From Brad Schnell:
I recently attended the Washington Finance Officer Association annual conference in Bellevue, Washington. This well organized event included great sessions for Local Public Officials. One session that I attended was “How to Succeed, Stay Sane and Have Fun at Work”, by keynote speaker David Rabiner, owner of Rabiner Resources. He is an excellent public speaker that combines just the right mix of humor and storytelling to keep his audience interested in his subject.
His presentation brought to the forefront awareness and information on personality types in the work place, and as a manager of people, advice on how to work positivity and effectively with different styles. It was a great reminder about how we all have different personalities and different ways we tackle problems and lead teams. David took the concept of the Myers Briggs HumanMetrics testing and modified it to simplify and organize personality’s types; so employees, managers, and day-to-day people can understand and achieve a successful working relationship.
In his session, David gave us a simple questionnaire in order to determine our type through a formula he has developed. The questions ask about your attitude or reaction to handling conflict, relationships, workload and stress. Then we completed a four square matrix and our personality type surfaced. I turned up in Box 1 – no surprise to me. Following are the 4 types of personalities:
The good traits: Peacemaker, good listener, involves others, cooperative, and likes routine.
The not so good traits: Avoids conflict, doesn’t speak up, can’t act alone, can’t say no, and resists change.
The good traits: Entertainer, creative, energetic, persuasive, and fun.
The not so good traits: Impulsive, lacks follow-thru, dislikes routine, poor listener, and easily bored.
The good traits: Scholar, detail-oriented, organized, accurate, and dependable.
The not so good traits: Indecisive, nit-picky, inflexible, and critical.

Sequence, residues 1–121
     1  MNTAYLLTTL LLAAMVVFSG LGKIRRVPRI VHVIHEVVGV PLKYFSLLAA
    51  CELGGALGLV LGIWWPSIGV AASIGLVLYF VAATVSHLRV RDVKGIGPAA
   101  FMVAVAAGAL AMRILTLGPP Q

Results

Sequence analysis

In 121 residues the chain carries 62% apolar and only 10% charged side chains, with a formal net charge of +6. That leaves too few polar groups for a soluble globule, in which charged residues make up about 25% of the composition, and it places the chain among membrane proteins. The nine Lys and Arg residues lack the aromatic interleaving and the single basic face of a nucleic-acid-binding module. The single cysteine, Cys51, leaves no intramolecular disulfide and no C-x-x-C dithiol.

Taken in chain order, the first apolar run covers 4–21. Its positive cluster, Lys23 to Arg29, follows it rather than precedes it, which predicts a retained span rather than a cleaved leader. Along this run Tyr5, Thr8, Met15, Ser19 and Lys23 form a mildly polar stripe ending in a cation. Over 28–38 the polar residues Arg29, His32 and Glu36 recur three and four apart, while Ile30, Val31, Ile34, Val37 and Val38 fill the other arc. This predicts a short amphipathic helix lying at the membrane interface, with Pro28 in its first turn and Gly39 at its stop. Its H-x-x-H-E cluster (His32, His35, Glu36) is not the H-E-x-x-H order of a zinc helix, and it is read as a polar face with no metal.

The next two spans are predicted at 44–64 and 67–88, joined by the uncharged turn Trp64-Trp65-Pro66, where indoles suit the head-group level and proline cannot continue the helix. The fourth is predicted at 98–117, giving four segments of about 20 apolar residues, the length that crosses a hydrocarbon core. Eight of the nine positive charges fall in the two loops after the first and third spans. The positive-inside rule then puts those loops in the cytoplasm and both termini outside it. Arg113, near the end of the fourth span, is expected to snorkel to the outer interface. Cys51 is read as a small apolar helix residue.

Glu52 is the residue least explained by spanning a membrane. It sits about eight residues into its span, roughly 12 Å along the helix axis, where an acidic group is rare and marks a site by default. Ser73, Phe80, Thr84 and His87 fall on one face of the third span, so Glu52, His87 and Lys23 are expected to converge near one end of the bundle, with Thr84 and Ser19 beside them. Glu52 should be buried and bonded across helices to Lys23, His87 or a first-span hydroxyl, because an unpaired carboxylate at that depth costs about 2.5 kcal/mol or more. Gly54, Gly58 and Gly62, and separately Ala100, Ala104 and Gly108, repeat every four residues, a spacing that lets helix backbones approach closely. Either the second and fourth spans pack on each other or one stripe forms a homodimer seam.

The good traits: Achiever, decisive, productive, focused, and competitive.
The not so good traits: Steamroller, bossy, impatient, unfriendly, and aggressive.
You will probably guess which personality you are without answering the questionnaire (or maybe not). I think being a Box 1 serves me well in my career in sales. Being a good listener and cooperative are my biggest strengths, especially in solution selling. I have to be able to understand the needs of my clients in order to define a solution and show them the benefits of that solution.
Box 2 people are fun and creative in the office. You know, the one who always has the good joke, with a great personality who is also good in sales. Box 3 people require research and backup for every decision they make. This is the personality type of accountants and software implementers – I work with lots of those too! And, finally Box 4 people get things done. You want one of these guys on your team when you have deadlines that can’t be missed. They may step on a few toes in the process, but you can count on them to get that all important project done and on time. The well-rounded individual has a little bit of all of these traits.
Good leadership is understanding how your team works, and how they can best work together. Being respectful and understanding when to encourage a certainly personality to complete a task or redirect them so they are leveraging their strengths is all important in the office culture. When setting employee motivational goals, it is important to set those goals based on the personality type and work style of each individual employee. For example, as a supervisor, if you’re a Box 3 and directing a Box 2, you need to understand what motivates them so you can interpret their reactions and behaviors. This is a good argument for managers to “think outside the box” when it comes to supervising others.
As an organization, setting goals and attaining them requires a team that is diverse and active in their individual strengths and skills. Effective leadership will nurture and support these talented people in a fun and productive way. To learn more from David Rabiner and view his presentations, visit his web site at www.rabiner.com
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